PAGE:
Angry creditors have thrown plans for an Aug. 4 auction of the Texas Rangers into jeopardy, saying they don't like the bidding procedures and arguing that the lease for the team's ballpark should be severed from the sale.
U.S. Bankruptcy Judge D. Michael Lynn on Monday granted a motion to seal the creditors' request to reconsider the bidding procedures that are heavily controlled by Major League Baseball. Lynn approved the procedures last week after making some changes, including delaying the auction for two weeks to give potential buyers more time to secure financing.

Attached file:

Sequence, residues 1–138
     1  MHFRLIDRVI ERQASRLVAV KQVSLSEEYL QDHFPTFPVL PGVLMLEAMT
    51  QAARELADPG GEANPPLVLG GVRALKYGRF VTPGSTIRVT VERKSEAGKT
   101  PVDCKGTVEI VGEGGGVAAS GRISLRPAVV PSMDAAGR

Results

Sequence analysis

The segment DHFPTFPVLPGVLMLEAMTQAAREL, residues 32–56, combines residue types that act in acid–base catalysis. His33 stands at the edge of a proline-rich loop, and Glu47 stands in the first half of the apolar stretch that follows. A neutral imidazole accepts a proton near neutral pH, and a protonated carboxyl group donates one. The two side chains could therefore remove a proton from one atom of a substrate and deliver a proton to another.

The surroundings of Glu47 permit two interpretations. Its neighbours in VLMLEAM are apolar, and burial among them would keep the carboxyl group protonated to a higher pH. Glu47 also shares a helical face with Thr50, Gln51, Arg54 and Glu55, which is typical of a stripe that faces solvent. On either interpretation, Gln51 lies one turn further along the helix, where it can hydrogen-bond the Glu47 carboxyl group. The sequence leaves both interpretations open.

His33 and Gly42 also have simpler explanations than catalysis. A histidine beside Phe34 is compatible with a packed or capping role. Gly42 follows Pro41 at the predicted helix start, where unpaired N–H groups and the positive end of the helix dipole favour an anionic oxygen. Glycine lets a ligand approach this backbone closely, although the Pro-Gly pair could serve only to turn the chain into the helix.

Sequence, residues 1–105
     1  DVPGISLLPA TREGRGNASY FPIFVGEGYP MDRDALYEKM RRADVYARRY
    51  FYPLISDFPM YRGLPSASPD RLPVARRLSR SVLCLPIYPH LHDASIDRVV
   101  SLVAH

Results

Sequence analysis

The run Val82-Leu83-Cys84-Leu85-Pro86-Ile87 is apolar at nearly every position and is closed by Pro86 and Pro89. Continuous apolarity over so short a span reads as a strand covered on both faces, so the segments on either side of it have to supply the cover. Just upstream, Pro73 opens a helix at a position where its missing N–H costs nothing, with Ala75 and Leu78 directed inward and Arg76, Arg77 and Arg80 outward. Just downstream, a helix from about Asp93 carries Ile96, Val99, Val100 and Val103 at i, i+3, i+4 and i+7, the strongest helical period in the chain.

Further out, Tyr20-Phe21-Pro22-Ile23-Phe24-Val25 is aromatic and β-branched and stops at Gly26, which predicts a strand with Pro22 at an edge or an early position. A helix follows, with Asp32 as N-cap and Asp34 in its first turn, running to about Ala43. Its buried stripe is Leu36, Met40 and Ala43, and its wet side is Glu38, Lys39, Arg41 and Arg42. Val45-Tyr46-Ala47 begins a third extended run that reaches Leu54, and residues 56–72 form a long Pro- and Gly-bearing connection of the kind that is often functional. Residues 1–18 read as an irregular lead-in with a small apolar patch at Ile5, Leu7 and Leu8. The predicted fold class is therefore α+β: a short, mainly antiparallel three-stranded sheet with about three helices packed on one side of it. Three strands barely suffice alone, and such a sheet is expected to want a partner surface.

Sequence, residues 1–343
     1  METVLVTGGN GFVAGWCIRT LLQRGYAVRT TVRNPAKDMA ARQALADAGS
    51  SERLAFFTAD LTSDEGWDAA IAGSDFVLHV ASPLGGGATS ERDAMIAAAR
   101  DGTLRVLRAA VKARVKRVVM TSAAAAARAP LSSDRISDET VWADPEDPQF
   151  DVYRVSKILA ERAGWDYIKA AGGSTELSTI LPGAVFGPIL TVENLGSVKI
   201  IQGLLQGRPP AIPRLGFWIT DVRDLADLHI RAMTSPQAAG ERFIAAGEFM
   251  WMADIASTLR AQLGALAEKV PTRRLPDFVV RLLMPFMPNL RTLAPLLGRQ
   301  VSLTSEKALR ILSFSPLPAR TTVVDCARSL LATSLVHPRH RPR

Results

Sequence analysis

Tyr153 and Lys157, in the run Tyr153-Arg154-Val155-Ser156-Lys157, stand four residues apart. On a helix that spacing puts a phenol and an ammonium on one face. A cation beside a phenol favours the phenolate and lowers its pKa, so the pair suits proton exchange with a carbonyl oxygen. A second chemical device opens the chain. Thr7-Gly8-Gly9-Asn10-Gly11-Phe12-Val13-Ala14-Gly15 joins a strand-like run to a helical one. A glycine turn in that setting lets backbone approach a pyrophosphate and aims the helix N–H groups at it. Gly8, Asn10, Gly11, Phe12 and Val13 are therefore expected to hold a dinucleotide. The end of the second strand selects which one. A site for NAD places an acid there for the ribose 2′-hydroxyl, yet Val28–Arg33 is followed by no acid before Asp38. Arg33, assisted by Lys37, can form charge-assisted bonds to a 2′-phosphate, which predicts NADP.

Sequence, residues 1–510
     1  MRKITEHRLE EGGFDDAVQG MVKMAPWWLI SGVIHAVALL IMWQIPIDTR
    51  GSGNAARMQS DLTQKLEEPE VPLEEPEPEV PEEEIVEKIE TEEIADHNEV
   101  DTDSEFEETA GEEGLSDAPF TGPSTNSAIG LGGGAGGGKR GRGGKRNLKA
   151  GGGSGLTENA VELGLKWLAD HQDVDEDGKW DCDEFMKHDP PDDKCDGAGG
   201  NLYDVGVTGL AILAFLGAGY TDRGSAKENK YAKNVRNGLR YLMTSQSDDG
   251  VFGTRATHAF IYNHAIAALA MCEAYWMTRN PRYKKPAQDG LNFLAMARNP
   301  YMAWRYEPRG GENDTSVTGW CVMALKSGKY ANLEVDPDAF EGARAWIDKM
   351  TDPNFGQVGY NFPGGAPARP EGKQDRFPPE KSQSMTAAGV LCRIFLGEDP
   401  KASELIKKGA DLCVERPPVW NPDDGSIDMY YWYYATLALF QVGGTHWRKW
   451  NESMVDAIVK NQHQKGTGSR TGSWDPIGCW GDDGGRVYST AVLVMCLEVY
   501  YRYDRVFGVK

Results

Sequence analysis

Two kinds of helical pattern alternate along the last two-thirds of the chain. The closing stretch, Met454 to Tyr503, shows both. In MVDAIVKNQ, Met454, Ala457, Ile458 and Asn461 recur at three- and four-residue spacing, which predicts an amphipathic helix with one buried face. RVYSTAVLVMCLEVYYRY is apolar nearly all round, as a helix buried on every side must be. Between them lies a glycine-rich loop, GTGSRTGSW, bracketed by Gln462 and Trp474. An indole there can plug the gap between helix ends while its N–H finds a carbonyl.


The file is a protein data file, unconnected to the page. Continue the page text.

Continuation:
Attorneys for Major League Baseball said the creditors' motion filed last week was rehashing arguments already rejected by the judge, including claims that the bidding process would prevent a fair and competitive sale.
Lynn set a Tuesday hearing to consider the objections and possibly rule on a separate lawsuit, filed by creditor JP Morgan Chase Bank, seeking to remove the Rangers Ballpark lease from the sale.
JP Morgan contends the team's parent company, Hicks Sports Group, transferred the lease to the team just before the bankruptcy filing without the bank's approval, as required in its loan agreement. The bank contends that the ballpark lease is not the team's property.